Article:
Two years in the making, the web TV service and digital content network funk by German public broadcasters ARD and ZDF finally launched on October 1. The project’s working title had simply been ‘Junges Angebot’ (Young Offer) until only a couple of days before the launch.
Aimed at 14- to 29-year-olds, the digital-only network steps away from traditional TV towards online and social media platforms. Two of the pubcasters’ digital TV channels – EinsPlus and ZDFkultur – were shut down on September 30 to make way for funk, whose creators insisted from the very beginning that their youth ‘channel’ will in fact have nothing to do with linear TV. funk is more of a multiplatform network than a TV channel.
The approach ARD and ZDF have chosen to build the brand is already reflected in the name of the web video network. funk is pronounced in German, not English, and is a short form of ‘Rundfunk,’ the German term for broadcasting. The creators decided on a simple name (instead of a trendy and hip buzzword) as they intend to put emphasis on the content, not on building a brand that is forced on the market (and on the young audience).
Consequently, the new content is accessible via the funk website, but also and primarily on YouTube, Facebook, Instagram and Snapchat. The young audience does not have to visit a new platform; the content is brought to them on the platforms they already use.
Also, on these third-party platforms the funk branding is rather subtle. Formats stand for themselves and the creators and talents take centre stage. funk branding only appears at the end of videos to make clear the content’s origins. That way, funk reaches users and can build a community through good content, and the audience can gradually build a relationship with the brand.
Content-wise, funk is offering 40 original formats at launch, with new formats to be added to the network continually. Furthermore, the service has acquired international series such as Fargo, and has launched a dedicated funk app . The app not only features the licensed series but also daily selected stories that cover viral internet topics, background information on the day’s event and lifestyle trends.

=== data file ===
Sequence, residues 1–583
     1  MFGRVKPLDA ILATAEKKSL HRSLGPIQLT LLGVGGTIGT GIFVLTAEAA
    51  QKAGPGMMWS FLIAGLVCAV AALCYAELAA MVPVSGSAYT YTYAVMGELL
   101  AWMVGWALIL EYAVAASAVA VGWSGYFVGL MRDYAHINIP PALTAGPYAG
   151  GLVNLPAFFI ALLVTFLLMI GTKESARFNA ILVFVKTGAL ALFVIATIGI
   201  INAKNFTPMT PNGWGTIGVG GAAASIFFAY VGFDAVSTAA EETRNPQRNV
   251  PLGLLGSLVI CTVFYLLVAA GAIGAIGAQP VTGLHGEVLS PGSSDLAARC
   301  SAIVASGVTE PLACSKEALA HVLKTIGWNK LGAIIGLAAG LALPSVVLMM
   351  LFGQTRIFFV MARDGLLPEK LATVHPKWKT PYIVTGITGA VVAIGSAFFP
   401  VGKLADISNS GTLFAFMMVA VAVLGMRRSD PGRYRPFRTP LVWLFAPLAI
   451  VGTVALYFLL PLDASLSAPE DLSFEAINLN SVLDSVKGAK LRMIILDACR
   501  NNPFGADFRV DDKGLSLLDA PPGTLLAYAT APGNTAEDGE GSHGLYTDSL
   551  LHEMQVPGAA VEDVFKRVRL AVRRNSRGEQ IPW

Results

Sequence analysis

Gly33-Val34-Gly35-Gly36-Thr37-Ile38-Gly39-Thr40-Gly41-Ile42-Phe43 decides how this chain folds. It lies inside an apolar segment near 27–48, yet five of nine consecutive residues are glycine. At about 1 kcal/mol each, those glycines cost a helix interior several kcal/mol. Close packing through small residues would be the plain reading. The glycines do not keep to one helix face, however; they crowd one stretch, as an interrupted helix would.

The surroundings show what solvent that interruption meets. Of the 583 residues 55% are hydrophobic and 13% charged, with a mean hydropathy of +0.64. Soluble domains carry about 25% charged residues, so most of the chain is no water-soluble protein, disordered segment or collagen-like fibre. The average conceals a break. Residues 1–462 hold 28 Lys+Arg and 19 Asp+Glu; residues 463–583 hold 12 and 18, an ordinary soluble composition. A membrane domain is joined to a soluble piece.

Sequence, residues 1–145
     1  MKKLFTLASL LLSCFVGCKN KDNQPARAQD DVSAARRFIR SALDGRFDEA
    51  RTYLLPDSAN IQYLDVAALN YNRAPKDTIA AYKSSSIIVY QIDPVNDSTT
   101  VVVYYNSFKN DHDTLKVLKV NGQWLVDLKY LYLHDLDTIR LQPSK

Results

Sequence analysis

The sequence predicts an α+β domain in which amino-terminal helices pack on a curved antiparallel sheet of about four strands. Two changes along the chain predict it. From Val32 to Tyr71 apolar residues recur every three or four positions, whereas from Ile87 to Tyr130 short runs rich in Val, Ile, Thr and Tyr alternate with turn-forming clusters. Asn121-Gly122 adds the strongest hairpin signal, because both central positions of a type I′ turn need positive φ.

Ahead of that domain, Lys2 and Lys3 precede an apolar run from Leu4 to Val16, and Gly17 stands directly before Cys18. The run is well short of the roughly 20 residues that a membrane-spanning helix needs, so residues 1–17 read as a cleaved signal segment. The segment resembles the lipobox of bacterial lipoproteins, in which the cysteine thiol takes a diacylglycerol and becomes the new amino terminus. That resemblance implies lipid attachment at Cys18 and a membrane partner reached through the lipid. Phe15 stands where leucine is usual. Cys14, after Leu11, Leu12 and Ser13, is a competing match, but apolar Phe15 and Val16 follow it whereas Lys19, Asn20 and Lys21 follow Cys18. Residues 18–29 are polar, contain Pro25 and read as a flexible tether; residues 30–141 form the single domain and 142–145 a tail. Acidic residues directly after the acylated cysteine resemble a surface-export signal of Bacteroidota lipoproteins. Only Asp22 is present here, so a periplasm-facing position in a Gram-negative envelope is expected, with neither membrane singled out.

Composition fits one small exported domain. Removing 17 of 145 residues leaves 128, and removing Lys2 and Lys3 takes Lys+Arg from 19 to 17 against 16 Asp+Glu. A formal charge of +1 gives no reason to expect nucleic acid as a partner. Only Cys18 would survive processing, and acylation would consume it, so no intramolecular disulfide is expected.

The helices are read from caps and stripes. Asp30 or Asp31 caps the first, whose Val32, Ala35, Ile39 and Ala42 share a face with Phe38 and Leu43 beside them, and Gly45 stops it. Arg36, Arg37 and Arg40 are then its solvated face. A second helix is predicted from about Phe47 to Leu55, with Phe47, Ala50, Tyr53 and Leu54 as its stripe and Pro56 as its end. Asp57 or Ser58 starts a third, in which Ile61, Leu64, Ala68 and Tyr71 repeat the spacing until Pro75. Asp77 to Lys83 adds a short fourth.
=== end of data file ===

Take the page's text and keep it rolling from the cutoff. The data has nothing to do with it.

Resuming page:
What follows is a small selection of funk’s current line-up of formats and some insight into why they are of interest and can become successful for the pubcasters.
Guten Morgen, Internet! (from Studio71) is a morning show on YouTube, hosted by popular YouTube personalities Kelly MissesVlog and Sturmwaffel, which launches in November. On Mondays to Fridays at 07.30, the community can join Kelly and Freddie (Sturmwaffel) as they start the day with the latest news and headlines, funny stories and bizarre actions. Looking at the subscriber numbers of the show’s two protagonists, Guten Morgen, Internet! ought to be an immediate success: Kelly MissesVlog (1.53 million) and Sturmwaffel (958,000) are amongs the most popular YouTubers in Germany. In addition, comedian and vlogger Kelly and gamer Freddie are targeting and bringing together two groups of audiences.
Hochkant (from RBB) is a daily news format on Snapchat. Three reporters – Florian Prokop, Salwa Houmsi and Eva Schulz – share their view on the world and talk about politics, pop culture and events they are attending. The most important news of the day is shared in the morning, while selected topics are covered in more detail in afternoons and evenings. Snapchat is getting more and more popular among German millennials, but if users take a closer look at Snapchat Discover, for example, there is no German-language news content. Hochkant could fill that gap, providing news in a relatable and entertaining way.